You will perhaps have felt that I have not entered into present questions, the relation, namely, of the Gospel to our present intellectual condition, our whole knowledge of the world, and our task therein. But to do this with any success in regard to the actual situation of affairs would require longer than a few fleeting hours. As regards the kernel of the matter, however, I have said all that is needful, for no new phase in the history of the Christian Religion has occurred since the Reformation. Our knowledge of the world has undergone enormous changes— every century since the Reformation marks an advance, the most important being those in the last two; but, looked at from a religious and ethical point of view, the forces and principles of the Reformation have not been outrun or rendered obsolete. We need only grasp them in their purity and courageously apply them, and modern ideas will not put any new difficulties in their way. The real difficulties in the way of the religion of the Gospel remain the old ones. In face of them we can “prove” nothing, for our proofs are only variations of our convictions. But the course which history has taken has surely opened up a wide province, in which the Christian sense of brotherhood must give practical proof of itself quite otherwise than it knew how, or was able, to do in the early centuries—I mean the social province. Here a tremendous task confronts us, and in the measure in which we accomplish it shall we be able to answer with a better heart the deepest of all questions—the question of the meaning of life.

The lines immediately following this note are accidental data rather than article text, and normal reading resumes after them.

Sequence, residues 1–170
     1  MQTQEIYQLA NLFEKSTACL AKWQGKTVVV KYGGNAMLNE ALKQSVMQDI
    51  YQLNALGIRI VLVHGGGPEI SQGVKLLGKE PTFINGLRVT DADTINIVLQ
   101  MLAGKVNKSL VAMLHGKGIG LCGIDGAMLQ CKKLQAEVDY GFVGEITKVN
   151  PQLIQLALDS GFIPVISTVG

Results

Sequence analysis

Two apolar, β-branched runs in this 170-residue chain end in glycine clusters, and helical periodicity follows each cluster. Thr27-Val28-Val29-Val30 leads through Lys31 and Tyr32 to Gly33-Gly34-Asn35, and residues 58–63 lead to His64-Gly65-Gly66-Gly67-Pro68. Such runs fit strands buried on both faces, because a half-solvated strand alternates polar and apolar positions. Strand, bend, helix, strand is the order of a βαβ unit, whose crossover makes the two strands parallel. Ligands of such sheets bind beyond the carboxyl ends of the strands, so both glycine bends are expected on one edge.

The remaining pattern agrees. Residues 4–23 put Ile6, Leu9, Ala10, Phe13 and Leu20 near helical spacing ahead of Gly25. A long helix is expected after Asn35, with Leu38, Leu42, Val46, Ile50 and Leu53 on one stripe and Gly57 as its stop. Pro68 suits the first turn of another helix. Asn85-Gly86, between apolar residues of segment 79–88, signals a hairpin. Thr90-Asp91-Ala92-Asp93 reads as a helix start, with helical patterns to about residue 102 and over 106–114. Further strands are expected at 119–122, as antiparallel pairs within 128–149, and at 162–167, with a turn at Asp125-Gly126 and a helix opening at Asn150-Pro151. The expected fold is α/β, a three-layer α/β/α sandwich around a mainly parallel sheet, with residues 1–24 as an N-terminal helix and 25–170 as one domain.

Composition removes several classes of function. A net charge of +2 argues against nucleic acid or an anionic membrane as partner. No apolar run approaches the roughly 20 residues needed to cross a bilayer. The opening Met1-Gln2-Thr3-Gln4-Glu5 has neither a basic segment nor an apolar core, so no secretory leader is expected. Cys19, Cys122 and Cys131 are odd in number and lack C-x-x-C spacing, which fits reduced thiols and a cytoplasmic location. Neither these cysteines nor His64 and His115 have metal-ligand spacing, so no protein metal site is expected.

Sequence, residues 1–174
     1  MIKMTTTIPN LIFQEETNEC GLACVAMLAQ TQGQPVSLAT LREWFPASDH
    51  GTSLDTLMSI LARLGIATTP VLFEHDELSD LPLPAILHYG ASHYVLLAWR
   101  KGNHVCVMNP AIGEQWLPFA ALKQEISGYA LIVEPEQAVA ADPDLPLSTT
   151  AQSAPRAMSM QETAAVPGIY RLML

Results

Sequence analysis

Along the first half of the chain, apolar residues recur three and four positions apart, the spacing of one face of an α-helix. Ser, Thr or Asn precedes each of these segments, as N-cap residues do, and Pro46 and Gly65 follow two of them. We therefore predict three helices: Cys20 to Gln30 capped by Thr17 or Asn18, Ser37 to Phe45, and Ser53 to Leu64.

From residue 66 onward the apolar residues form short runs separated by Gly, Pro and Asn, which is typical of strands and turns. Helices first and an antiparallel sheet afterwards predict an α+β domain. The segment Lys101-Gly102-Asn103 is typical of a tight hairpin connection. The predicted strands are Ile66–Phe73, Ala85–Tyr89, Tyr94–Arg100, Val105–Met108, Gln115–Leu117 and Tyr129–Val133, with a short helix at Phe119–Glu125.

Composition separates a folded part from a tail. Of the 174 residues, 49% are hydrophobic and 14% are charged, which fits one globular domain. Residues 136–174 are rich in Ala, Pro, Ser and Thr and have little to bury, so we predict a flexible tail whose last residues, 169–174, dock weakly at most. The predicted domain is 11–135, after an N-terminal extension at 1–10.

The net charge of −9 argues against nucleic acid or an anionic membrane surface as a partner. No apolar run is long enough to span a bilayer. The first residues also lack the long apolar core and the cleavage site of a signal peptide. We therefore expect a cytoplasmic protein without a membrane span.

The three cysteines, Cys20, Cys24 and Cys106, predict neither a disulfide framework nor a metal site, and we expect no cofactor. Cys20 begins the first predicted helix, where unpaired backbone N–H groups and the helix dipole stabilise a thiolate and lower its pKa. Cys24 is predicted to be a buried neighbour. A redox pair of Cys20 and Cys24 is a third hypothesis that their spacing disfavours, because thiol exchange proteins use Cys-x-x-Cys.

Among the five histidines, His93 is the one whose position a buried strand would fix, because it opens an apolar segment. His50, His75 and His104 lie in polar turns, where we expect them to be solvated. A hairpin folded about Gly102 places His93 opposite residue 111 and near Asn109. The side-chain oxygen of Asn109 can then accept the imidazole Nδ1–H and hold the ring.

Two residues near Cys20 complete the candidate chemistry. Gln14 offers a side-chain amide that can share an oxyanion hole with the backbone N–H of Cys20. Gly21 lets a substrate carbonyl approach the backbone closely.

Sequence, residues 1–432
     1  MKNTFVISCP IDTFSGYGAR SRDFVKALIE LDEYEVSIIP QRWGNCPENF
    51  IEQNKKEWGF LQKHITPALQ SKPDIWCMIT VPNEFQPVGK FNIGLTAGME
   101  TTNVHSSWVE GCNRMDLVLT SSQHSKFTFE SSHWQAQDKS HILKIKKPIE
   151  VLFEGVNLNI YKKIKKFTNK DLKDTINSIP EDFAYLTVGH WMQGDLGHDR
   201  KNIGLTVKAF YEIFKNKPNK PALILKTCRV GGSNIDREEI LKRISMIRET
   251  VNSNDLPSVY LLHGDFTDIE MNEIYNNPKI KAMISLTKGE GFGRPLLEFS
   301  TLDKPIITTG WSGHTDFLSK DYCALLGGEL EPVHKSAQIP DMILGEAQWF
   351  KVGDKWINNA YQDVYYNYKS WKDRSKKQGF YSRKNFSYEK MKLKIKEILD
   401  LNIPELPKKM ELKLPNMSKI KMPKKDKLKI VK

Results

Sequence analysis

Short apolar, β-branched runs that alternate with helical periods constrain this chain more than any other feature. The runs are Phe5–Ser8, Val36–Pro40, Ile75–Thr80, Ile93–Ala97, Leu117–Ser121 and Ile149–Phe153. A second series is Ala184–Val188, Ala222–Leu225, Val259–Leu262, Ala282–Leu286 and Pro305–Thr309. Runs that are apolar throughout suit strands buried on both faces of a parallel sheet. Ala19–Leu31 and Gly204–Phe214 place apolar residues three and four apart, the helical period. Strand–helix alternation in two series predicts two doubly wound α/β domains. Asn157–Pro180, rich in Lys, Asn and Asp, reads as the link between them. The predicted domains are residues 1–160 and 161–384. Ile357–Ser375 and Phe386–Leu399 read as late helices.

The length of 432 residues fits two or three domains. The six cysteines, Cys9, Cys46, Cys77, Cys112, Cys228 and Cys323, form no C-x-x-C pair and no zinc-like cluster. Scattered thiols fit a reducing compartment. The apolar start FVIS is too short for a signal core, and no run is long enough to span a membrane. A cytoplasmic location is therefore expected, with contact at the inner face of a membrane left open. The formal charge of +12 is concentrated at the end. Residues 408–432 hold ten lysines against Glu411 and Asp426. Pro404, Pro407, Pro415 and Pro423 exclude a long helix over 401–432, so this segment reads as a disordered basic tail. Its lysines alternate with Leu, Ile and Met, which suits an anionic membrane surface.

Gentlemen, it is religion, the love of God and neighbour, which gives life a meaning; knowledge cannot do it. Let me, if you please, speak of my own experience, as one who for thirty years has taken an earnest interest in these things. Pure knowledge is a glorious thing, and woe to the man who holds it light or blunts his sense for it. But to the question, Whence, whither, and to what purpose, it gives an answer to-day as little as it did two or three thousand years ago. It does, indeed, instruct us in facts; it detects inconsistencies; it links phenomena; it corrects the deceptions of sense and idea. But where and how the curve of the world and the curve of our own life begins—that curve of which it shows us only a section—and whither this curve leads, knowledge does not tell us. But if with a steady will we affirm the forces and the standards which on the summits of our inner life shine out as our highest good, nay, as our real self; if we are earnest and courageous enough to accept them as the great Reality and direct our lives by them; and if we then look at the course of mankind’s history, follow its upward development, and search, in strenuous and patient service, for the communion of minds in it, we shall not faint in weariness and despair, but become certain of God, of the God whom Jesus Christ called his Father, and who is also our Father.